The A90 Toyota Supra did show up at the Goodwood Festival of Speed, as promised, but unfortunately it did so donning a retina-punishing wrap over its body to disguise its final form until later this year.

Following its performance on the hill at Goodwood, Supra fans and owners were invited to a shindig in the UK to get up close and personal with the new model. Over 50 Supras of all generations, from the 1978 original to the A90 itself, were present and accounted for. Chief engineer, Tetsuya Tada, was also there. He said:

“I’m just so happy that we’ve made it to this point. I’ve finally been able to reveal the car to the UK; it’s the happiest day of my life. And to drive it up the hill at Goodwood was a really exciting experience.”

The Supra story begain in 1978, with a sports coupe sharing the same body with the Celica four-cylinder coupe, but it featured an inline-six instead. It quickly established a reputation as a fun-to-drive and sporty grand touring car.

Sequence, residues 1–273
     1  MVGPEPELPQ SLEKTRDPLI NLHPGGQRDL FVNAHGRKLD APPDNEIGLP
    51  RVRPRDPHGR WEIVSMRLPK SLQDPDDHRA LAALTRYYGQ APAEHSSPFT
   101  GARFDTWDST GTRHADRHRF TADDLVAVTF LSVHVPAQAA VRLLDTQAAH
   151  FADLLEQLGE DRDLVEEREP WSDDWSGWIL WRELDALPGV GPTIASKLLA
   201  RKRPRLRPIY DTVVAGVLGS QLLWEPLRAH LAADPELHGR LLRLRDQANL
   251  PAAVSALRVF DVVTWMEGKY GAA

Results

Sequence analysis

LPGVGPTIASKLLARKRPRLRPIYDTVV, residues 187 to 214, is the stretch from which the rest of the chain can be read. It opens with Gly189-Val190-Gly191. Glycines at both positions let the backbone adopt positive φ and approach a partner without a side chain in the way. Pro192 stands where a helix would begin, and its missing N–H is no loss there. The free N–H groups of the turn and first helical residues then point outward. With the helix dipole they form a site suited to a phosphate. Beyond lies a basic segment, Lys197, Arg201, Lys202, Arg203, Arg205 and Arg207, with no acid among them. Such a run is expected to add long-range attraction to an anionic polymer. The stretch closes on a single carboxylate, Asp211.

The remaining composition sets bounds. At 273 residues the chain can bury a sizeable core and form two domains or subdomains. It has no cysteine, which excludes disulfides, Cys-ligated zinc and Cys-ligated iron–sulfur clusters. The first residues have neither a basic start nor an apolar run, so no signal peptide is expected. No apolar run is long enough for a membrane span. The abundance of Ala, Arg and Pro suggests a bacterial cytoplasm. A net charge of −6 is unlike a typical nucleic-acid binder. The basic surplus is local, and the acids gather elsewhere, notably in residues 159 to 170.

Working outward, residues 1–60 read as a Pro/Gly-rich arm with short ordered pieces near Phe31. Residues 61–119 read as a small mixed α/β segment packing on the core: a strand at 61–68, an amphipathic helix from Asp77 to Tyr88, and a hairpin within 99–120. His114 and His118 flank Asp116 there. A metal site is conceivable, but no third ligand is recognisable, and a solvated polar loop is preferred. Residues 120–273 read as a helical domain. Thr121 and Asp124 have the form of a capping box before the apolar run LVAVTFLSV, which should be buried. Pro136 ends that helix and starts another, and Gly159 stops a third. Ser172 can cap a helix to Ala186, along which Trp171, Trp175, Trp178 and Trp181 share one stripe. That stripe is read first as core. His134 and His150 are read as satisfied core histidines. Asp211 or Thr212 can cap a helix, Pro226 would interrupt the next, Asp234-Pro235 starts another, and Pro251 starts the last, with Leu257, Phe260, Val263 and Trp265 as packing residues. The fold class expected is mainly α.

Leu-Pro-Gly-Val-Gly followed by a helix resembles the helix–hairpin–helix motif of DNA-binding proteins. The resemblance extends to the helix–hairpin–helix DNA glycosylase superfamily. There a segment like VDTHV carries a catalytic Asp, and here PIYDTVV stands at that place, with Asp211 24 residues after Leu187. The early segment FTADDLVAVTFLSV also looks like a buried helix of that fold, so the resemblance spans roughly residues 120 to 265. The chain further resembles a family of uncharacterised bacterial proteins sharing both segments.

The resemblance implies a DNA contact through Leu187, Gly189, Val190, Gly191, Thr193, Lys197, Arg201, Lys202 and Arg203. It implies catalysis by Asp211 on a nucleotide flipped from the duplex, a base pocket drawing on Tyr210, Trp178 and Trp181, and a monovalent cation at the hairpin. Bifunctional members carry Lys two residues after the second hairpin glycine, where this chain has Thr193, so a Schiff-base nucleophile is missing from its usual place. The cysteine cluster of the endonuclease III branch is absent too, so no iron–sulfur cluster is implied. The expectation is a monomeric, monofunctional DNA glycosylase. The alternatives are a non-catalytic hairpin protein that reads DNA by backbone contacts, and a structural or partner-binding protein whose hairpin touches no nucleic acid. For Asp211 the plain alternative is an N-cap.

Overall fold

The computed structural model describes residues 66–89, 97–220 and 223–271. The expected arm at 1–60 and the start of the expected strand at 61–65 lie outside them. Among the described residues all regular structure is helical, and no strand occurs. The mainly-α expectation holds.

The first turbo model debuted in 1982 for the domestic market, with a 2.0-litre M-TEU with a modest 108kW and 212Nm. It was the third-gen that really established its legendary name though, with the debut of the JZ-series turbo engine and proper differentiation from the now front-drive Celica. The most recognisable Supra is the fourth-gen, which is also renowned for its bulletproof 2JZ 3.0-litre straight six, available in twin-turbo and non-turbo forms.

As for the new Supra, it is expected to be powered by two different engines at launch, both of which sourced by BMW. An entry-level 2.0-litre four-cylinder turbo with about 195kW, and a 3.0-litre turbocharged six-cylinder with 280kW and over 500Nm are set to be tied to a ZF eight-speed automatic transmission. It will be manufactured by Magna Steyr in Austria, along side the next BMW Z4.

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Max G
Eccentric car nut, just as enthused by roasting an egg on the air cleaner of an old Hemi as I am hunting the horizon in a space age electric supercar. Dropped on head at young age, which gave me a meticulous automotive obsesseion for obscure facts.

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